In the end it turns out that the American, Pitt, is much more conservative than his French friends. His wardrobe from the beginning says as much.
I want to share this with some of my lady friends with whom I have dinner every Friday evening but I'm not sure they'll want to witness all the raw sex..
I believe that the sex primarily reinforces the innocence, or naivete, of the twins' -- Isabelle and Theo's -- private universe where they, as spoiled child-adults, endulge any desire or whim. This is in contrast to the anger and intensity which dominates their pretense at social-activism, driven by simple-minded reaction (war -- bad) to the turbulent times (the 60's). But they are just two sides to the same coin -- they truly are "Dreamers", detached from reality by a wall of denial. When anything happens which forces them to deal with reality, such as having the true nature of their relationship discovered by their parents, the results are not pretty. (Actually, it is a little ambitious to suggest that their parents discovered the true nature of their relationship when it isn't clear that even they understand the true nature of this confusing mix of polyamory, bisexuality, incest, voyeurism, fraternity, obsession, and just a hint of sadomasochism.) Matthew, the young American student whom they "adopt," is torn between the seductive nature of their universe (including his attraction to and love of Isabelle and Theo) and his own grounding in reality -- though he is as young as they are, he possesses a maturity and true thoughtulness which they lack. So long as they all remain primarily isolated in their apartment, their private universe mostly prevails, but in the end their differences in the "real" world is what tears them apart.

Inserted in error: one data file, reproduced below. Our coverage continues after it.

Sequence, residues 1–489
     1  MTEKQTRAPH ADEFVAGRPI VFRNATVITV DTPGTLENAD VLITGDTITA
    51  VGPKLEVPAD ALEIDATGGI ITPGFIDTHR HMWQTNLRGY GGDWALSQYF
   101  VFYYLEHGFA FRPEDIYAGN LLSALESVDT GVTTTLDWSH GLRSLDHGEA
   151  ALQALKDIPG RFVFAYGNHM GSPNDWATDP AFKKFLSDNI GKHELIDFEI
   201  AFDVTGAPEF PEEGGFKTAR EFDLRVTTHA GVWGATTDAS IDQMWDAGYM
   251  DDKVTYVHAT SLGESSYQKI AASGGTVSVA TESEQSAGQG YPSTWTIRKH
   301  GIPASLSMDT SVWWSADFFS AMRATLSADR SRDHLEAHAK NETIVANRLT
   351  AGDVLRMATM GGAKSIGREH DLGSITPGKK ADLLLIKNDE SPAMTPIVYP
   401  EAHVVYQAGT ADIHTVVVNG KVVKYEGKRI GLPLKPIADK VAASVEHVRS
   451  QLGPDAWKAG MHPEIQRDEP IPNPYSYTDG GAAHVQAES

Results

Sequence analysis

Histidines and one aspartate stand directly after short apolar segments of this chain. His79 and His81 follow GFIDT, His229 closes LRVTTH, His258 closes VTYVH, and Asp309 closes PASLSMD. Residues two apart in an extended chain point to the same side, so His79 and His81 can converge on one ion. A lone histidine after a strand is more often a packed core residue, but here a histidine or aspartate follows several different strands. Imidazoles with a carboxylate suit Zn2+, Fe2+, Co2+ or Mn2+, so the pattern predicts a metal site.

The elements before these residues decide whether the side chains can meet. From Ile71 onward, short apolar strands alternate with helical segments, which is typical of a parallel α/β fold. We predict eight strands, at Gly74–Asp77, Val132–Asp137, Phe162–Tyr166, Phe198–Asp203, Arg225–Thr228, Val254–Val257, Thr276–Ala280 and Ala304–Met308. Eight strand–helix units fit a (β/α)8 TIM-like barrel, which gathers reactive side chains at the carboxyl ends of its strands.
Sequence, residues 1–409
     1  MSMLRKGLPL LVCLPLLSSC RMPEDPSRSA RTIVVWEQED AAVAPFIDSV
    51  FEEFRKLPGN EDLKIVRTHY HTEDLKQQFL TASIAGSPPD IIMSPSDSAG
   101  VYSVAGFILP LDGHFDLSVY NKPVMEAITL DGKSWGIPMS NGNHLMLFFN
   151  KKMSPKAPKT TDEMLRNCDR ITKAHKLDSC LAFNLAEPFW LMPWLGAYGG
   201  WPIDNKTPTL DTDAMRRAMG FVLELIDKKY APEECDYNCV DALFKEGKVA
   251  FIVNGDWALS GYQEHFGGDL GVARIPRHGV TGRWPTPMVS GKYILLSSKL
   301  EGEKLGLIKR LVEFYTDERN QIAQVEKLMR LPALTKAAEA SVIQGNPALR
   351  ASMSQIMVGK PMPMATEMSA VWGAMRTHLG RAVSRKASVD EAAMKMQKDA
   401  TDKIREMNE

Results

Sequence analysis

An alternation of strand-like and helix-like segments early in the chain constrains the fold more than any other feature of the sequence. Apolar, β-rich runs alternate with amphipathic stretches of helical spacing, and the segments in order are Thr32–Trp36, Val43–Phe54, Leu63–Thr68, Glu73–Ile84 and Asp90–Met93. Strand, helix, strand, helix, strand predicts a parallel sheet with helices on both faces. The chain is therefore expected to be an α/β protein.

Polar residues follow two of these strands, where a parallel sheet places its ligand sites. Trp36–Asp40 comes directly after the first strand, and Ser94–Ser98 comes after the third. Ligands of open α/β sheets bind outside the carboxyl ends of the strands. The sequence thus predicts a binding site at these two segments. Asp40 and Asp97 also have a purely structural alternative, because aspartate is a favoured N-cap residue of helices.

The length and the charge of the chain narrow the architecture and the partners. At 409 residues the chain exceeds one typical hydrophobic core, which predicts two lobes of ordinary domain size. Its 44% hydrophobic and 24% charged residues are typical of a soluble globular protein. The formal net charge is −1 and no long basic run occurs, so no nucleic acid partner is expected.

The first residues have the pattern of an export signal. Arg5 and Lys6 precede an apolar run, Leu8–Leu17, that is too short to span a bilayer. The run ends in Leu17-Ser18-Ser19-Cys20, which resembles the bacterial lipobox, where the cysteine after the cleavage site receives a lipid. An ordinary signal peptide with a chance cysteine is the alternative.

The acting is superb throughout -- there is some very impressive work here. The cinematography is also excellent and the use of clips from classic films is brilliant, reinforcing not only the establishment of the characters' love of cinema but also the degree to which these "dreamers" are lost within their fantasies. The ending is amazing and rather abrupt. (mild spoiler alert) It will likely leave most viewers feeling a bit unfulfilled but that fits the movie. The ending likely would leave the characters feeling unfulfilled -- ultimately, no matter how much he wanted to be a part of Isabelle and Theo's universe, Matthew could never remain there. When reality came crashing through, the characters acted according to their nature and their differences severed the bond for good.